Further south, there are slaughtered neighborhood restaurants galore. Not surprisingly, even in food-mad New York, people are eating out less and our streets, except perhaps on a Saturday night, seem visibly less populated. Near the corner of 91st, Mary Ann's, a festive Tex-Mex spot, bit the dust; just before 90th, the upscale seafood restaurant Docks Oyster Bar shut its doors so recently that its red "restaurant" sign is still lit ("Docks thanks you all for your loyal patronage over the years but this restaurant is now closed "); at the corner of 88th, in the spacious two-floor space that used to house Boulevard (on whose paper tablecloths my kids and I drew faces with restaurant-provided crayons), and then a dizzying succession of restaurants whose names escape me, the bar chairs are carefully stored upside down on the bar and a "For Rent" sign is in the window; and, on 77th, Ruby Foo's, a giant pan-Asian joint, described by Zagat's as "Disneyfied," has shut, too.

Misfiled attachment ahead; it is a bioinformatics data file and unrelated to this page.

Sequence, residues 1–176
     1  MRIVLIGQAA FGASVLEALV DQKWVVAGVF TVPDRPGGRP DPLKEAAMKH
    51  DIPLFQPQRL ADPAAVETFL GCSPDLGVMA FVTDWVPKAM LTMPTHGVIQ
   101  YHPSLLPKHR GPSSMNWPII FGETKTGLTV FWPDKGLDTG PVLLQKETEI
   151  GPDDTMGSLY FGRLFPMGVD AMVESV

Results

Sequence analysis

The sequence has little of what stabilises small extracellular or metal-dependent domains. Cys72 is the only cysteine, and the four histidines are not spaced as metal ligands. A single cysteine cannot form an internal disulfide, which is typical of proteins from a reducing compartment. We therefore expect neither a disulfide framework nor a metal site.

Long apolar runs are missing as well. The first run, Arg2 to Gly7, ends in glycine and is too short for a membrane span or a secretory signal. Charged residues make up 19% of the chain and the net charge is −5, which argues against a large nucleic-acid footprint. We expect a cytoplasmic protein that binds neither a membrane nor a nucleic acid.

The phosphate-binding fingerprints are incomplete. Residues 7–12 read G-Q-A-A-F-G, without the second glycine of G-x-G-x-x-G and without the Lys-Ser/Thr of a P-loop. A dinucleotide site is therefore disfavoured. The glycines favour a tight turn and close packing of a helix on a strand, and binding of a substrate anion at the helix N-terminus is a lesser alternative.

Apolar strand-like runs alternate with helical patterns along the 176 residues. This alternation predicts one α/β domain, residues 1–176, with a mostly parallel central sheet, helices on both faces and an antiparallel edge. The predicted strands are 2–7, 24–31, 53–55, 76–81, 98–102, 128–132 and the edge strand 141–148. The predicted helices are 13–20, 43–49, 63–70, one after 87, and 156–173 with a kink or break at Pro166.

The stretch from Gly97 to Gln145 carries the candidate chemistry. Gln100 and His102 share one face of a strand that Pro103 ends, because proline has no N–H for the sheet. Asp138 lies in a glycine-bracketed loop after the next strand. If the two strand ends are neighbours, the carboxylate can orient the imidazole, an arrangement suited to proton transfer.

Only below 72nd street, where the neighborhood gets noticeably tonier, and the banks (TD, HSBC, Capital One, Chase, Bank of America) begin to breed and multiply, and the urban mall stores (Pottery Barn, Barnes & Noble, The Gap, Bed Bath & Beyond) proliferate, do the deaths end (except for a Circuit City branch at the corner of 67th that went down with that bankrupt chain).
Here, stores are still clean, well-lighted places, though a remarkable number of them sport signs that say: "save up to 50%," "up to 70% off."
9/11, the Sequel